Learn SQL

SQL is one of the best benefit/cost skills to learn. It’s fairly easy to learn, and it immediately becomes useful for many jobs- including software engineering, accounting, law, or any other job that deals with data.

Learn SQL

I recommend the following links to learn SQL. To be completely honest, I haven’t tried all of them, but they look decent and they’re free.

SQL (and other relational databases) are basically working with the math concept of sets. It’s much easier to learn SQL if you’re somewhat familiar with sets. Unfortunately, I couldn’t find a good resource for learning set algebra, but if you just want a refresher, you can try the quizzes at hackerrank. If you don’t know anything about set algebra, don’t get hung up on it- you’ll learn a lot of it through the following links.

For actually learning SQL, if you enjoy learning from videos, I recommend Khan Academy. If you’d rather read to learn, I recommend SQLCourse. Both of these sites include exercises you can run without installing anything!

Once you want to practice SQL, head to hackerrank to solve some challenges or Franchise to play with it in your browser on sample datasets!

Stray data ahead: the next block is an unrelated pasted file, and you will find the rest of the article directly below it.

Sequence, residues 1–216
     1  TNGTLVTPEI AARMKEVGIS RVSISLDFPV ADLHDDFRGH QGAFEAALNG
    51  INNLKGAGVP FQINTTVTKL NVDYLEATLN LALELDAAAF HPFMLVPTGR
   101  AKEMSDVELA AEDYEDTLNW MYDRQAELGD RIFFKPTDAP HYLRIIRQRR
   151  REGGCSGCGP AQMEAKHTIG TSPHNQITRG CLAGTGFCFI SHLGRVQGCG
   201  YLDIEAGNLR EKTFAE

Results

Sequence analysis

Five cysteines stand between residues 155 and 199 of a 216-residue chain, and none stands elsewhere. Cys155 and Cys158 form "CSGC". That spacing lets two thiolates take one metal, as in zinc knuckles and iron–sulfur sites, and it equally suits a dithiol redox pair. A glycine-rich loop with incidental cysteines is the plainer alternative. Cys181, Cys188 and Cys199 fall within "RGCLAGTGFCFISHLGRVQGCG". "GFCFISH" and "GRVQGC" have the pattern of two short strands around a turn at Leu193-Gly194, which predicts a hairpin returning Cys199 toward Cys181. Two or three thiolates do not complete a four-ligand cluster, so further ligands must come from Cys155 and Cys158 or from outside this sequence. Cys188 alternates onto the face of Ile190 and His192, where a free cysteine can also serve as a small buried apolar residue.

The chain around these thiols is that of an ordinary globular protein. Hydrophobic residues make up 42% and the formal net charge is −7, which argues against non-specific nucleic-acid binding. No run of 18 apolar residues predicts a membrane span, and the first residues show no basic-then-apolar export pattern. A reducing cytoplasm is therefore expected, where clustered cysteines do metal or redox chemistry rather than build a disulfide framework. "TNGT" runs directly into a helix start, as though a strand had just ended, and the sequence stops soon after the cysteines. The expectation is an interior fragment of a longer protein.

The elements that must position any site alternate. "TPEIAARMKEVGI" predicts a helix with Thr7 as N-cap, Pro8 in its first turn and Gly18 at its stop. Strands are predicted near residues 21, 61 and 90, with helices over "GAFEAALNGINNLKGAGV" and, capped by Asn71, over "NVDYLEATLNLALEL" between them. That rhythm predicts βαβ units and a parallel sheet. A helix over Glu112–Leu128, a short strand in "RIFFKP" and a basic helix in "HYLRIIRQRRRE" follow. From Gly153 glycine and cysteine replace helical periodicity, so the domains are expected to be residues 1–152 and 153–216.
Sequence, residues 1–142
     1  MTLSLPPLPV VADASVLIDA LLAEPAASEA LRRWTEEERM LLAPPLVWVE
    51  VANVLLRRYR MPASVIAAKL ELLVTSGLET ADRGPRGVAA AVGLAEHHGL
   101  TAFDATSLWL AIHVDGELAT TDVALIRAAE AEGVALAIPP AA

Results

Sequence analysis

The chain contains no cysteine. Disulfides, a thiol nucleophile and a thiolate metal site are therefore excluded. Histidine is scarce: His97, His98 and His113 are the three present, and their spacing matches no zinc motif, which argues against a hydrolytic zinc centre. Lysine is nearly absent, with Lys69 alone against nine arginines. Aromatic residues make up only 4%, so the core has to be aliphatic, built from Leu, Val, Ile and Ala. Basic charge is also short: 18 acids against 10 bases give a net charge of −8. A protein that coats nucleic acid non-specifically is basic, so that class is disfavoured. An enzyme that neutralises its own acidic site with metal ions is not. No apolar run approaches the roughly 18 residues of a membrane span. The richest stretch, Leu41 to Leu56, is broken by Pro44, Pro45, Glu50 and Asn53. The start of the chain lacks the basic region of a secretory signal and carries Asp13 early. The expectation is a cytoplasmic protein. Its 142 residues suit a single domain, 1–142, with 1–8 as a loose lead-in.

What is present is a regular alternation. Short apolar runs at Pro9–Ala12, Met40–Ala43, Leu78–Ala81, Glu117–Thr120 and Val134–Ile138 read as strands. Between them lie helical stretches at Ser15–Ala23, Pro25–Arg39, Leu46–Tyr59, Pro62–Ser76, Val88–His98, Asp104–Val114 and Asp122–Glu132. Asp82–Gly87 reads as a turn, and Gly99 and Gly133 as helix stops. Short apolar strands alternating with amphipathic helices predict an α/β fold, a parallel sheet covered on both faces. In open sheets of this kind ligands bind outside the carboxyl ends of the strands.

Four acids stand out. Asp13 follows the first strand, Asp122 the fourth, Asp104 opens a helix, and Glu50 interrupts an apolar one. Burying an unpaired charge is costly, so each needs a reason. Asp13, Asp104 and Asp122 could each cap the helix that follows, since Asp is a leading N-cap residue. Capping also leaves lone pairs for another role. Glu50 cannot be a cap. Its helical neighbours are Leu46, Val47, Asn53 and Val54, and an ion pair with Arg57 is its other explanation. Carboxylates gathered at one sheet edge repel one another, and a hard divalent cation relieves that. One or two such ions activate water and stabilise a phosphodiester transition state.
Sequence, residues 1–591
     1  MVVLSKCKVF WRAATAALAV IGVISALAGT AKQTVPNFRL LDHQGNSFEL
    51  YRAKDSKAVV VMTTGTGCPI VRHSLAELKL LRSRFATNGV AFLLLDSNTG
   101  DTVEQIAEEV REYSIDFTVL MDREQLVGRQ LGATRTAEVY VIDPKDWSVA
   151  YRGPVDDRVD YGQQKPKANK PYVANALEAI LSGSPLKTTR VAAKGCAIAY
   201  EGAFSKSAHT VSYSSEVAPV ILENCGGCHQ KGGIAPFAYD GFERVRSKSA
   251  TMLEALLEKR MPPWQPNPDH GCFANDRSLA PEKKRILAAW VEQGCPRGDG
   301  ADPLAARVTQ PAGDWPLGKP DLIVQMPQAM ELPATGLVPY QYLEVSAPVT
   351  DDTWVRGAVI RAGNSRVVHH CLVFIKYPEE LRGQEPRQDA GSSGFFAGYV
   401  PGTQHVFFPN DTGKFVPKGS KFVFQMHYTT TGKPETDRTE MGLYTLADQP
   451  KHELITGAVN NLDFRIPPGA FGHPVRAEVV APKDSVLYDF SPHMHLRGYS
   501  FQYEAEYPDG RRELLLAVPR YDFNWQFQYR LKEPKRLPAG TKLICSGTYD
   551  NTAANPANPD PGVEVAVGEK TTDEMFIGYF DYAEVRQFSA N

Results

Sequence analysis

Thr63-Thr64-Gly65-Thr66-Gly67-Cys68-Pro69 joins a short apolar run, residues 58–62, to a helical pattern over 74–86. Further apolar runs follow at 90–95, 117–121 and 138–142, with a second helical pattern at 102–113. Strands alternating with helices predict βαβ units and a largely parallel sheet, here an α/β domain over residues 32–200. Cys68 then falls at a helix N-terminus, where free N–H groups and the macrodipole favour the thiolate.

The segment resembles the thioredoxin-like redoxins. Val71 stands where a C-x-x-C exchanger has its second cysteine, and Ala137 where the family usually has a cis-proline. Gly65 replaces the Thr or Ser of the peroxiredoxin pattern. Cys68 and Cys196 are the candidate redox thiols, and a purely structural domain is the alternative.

Work with SQL

SQLite

Eventually you will want to create and play with your own databases. I recommend starting with SQLite and DB Browser for SQLite. These tools are both easy to install and uninstall and each database you create is just a file so you can email it between computers or copy it before trying something risky with your database. In addition, SQLite might be the most used code in the world- every copy of Windows 10 uses SQLite in the operating system, Firefox uses it to store bookmarks, and every Android and iPhone has it. NASA is actually running SQLite in space. Learning SQLite can be super valuable.

MySQL (MariaDB)

Many web apps use MySQL (or its clone MariaDB). It’s a tad more complicated to set up than SQLite, but not too bad. I recommend installing MariaDB and MySQL Workbench.

Note that whichever SQL vendor (SQLite, MySQL, Postgres, or whoever else) you use will provide a somewhat different version of SQL, but for basic queries they’re pretty identical.